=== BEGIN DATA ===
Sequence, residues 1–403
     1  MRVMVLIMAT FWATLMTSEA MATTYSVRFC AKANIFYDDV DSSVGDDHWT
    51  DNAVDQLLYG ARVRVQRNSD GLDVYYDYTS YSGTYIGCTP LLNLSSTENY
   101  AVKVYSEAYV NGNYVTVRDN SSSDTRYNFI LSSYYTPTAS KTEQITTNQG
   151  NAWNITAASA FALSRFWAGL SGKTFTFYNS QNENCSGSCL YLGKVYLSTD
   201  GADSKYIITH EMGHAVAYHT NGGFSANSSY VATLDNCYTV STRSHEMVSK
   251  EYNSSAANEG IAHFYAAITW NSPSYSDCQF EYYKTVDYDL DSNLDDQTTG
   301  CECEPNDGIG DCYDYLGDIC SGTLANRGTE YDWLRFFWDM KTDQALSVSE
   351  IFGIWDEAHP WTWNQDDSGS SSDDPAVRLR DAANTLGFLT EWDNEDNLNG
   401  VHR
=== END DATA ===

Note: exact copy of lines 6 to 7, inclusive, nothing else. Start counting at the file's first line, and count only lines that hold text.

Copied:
   201  GADSKYIITH EMGHAVAYHT NGGFSANSSY VATLDNCYTV STRSHEMVSK
   251  EYNSSAANEG IAHFYAAITW NSPSYSDCQF EYYKTVDYDL DSNLDDQTTG